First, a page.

iPad 2 wasn't Apple's big March 2nd announcement
It was the software -- FaceTime, Garage Band, iMovie and Photo Booth -- and the colorful Smart Covers. I kid you not. There are good reasons why so much of yesterday's launch event focused on software -- hell, Apple even made a video about the new covers; now what does that you tell you?
Apple CEO Steve Jobs officiated yesterday's launch event, which spent surprisingly little time on iPad 2 -- and that may have confounded some people, given the huge amount of hype about the tablet. But as I explained yesterday, Apple typically iterates rather than innovates hardware on a new category's successor product. I have laid out five reasons why the other stuff -- new software features and applications and even the colorful cases -- are more important.
1. The platform is a continuum. There has been much debate about whether or not iPad is a PC. On February 21st, I took the position that iPad is not a PC. From Apple's perspective, iPad's classification -- PC or tablet -- is irrelevant. During yesterday's launch event, Jobs repeatedly positioned iPad 2 as a post-PC era device. The emphasis reminded of Jobs calling Macintosh a "digital hub," starting at the turn of the century. There are similarities in the messaging content and style.
From an operating system perspective, iOS derives from Mac OS X, which with next-release 10.7 (aka Lion) will inherit some iOS-like features. The platform is a continuum from the cheapest iPhone to the most expensive Mac. Yesterday's software announcements further close what Apple software applications/features users get on iOS devices versus Macs. Similarly, price is also a continuum from the $49 iPhone 3G to the $2,499 17-inch MacBook Pro, as I first explained 13 months ago; iPad fills the gap from $499 to $829, bracketed by $399 iPod touch and $999 MacBook or MacBook Air.
There are increasingly fewer differences in uses among Apple hardware products along the spectrum. The iOS and Mac OS products have wireless capabilities, surf the Web, run applications (including traditional productivity suite apps) and consume or produce digital content. The range of hardware capabilities is limited by size, processing speed, storage capacity, etc., but not really software as Apple offers more of the same applications or features across the entire continuum. Apple is seeking to offer single-user experience across all its devices, regardless of hardware features. It's sensible, and there is precedent. Apple offers the same software for all its Macs, but there is a range of capabilities based on processing speed, graphics capabilities and other hardware attributes.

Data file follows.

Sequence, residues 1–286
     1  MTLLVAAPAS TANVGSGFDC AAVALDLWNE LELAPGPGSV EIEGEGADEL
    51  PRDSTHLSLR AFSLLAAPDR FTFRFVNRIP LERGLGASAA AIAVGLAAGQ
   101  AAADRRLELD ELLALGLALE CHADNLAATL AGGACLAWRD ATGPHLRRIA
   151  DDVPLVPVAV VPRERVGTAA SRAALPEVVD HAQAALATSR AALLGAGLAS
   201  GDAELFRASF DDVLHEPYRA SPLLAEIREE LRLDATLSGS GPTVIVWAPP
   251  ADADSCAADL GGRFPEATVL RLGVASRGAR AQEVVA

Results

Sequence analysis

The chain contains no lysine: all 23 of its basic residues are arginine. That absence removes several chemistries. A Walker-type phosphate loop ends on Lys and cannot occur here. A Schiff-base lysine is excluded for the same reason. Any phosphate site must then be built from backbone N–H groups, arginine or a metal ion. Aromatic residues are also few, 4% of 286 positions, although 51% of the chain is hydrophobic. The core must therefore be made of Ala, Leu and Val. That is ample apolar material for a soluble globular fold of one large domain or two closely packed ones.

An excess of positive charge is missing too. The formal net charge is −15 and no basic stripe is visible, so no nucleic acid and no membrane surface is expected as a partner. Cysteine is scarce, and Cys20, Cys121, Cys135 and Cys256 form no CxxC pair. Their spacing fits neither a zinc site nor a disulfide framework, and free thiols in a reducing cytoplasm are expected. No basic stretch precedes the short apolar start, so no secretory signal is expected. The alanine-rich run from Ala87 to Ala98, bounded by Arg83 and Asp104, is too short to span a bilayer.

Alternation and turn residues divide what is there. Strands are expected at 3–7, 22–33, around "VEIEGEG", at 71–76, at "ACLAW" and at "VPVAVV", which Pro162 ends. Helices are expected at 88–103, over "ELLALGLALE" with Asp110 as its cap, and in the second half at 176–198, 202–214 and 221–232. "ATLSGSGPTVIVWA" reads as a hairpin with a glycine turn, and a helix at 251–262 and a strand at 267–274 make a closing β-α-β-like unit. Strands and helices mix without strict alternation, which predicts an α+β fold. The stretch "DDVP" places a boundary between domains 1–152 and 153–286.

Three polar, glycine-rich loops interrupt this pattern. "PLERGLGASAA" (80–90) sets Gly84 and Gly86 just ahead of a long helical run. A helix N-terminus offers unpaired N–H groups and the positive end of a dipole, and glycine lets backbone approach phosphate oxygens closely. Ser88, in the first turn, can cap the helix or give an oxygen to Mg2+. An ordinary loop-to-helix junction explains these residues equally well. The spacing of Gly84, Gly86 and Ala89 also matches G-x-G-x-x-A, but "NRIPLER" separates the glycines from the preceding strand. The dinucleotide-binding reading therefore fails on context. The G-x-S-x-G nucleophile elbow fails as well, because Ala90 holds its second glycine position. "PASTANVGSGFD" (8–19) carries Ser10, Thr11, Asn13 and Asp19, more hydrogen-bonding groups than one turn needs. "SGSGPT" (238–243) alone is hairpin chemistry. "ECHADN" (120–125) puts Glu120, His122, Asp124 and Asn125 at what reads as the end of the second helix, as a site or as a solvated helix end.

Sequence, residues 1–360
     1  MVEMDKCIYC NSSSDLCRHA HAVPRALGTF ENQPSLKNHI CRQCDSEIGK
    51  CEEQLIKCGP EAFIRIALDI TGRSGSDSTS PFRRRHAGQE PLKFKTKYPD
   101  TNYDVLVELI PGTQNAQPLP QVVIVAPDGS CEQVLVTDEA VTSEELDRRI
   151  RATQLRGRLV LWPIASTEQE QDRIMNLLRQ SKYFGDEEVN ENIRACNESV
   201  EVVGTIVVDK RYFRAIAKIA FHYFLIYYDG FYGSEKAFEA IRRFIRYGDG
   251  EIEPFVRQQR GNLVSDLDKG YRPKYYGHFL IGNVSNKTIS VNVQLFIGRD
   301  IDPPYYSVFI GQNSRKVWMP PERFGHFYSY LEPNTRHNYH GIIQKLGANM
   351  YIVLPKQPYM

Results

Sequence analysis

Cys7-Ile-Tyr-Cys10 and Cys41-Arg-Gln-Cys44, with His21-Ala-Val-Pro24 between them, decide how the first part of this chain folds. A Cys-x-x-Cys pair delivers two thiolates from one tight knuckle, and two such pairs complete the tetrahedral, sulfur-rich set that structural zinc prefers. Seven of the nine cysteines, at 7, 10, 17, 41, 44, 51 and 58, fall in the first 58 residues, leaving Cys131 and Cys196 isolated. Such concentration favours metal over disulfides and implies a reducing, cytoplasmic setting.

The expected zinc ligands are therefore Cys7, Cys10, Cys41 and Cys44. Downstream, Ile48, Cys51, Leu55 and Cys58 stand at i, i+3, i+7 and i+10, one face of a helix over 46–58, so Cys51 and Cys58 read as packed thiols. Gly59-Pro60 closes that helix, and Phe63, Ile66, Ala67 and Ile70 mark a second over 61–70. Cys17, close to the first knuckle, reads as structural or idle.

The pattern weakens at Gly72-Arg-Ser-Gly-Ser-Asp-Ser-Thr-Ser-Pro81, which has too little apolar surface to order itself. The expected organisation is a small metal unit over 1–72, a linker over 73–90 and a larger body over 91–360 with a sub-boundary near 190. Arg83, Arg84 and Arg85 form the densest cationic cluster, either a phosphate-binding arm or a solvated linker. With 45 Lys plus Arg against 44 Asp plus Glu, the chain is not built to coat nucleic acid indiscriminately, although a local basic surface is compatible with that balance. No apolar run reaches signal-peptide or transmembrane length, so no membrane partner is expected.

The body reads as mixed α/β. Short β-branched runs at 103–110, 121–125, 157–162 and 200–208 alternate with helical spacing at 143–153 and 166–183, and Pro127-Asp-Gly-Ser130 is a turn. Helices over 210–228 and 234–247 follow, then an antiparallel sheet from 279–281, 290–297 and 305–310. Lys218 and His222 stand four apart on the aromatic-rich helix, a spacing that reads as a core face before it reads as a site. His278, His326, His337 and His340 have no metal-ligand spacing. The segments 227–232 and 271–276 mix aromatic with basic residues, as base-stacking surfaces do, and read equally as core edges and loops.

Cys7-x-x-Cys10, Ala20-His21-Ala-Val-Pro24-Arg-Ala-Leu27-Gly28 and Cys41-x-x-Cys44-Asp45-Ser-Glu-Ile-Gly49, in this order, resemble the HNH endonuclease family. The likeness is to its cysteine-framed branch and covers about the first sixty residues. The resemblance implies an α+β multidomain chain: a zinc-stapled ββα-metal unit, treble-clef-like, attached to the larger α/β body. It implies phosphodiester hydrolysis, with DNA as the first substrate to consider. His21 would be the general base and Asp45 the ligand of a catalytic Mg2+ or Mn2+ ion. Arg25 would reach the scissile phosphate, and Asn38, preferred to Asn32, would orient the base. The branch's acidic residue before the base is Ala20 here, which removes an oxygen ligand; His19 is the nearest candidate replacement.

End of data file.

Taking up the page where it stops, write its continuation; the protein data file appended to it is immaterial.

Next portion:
2. Single-user experience generates more product sales. As a marketer, Apple long ago perfected the art of the upsell, largely through effective pricing. The 8GB iPod nano costs $149, or you could get double the memory for just $30 more. Or wait, for another 50 bucks you could get a music player that runs iPhone applications -- the 8GB iPod touch. Each step up in price offers a little something more and a little less something else. The iPod nano price jump gives the buyer 16GB of storage, while the move to iPod touch means less storage but larger touchscreen user interface.
What Apple really wants is to extend the continuum to additional product purchases, something that is easier if basic features and Apple software are available across the entire line. The Mac owner using Garage Band or iMovie might be more likely to buy iPad, or the iPad owner to purchase a Mac for even more capabilities with both software applications. Then there is the communications aspect, where FaceTime is now available across the continuum -- iPod touch, iPhone, iPad and Macintosh.
Apple's App Stores are part of that continuum across devices.
3. Color is a differentiator. I want to briefly digress from software and explain why Apple's iPad 2 cases are so important, even as some geek snobs snub them. The cases add dramatic color -- and personality -- to iPad 2, broadening its appeal, particularly to younger buyers (see #4). Apple has first-to-market advantage over third-party case makers, and stamps its trademark color approach on iPad 2. Apple design chief Jony Ive has long used color as a differentiating feature, going back to the translucent iMac line of the later 1990s.
Color has a long design tradition. For example, in 1927, Kodak commissioned Walter Dorwin Teague to design a new line of cameras. Kodak wanted to increase its cameras' appeal to women. Teague presented the diminutive Vest Pocket line in five distinct colors. Nearly 80 years later, Ive applied the same five-color concept to iPod Mini. Similarly, like Teague presented a smaller camera, Ive designed a smaller music player. Apple has since kept the colors coming, and they're important for broadening product appeal beyond stereotypical male gadget geeks to women and to younger buyers, especially teens.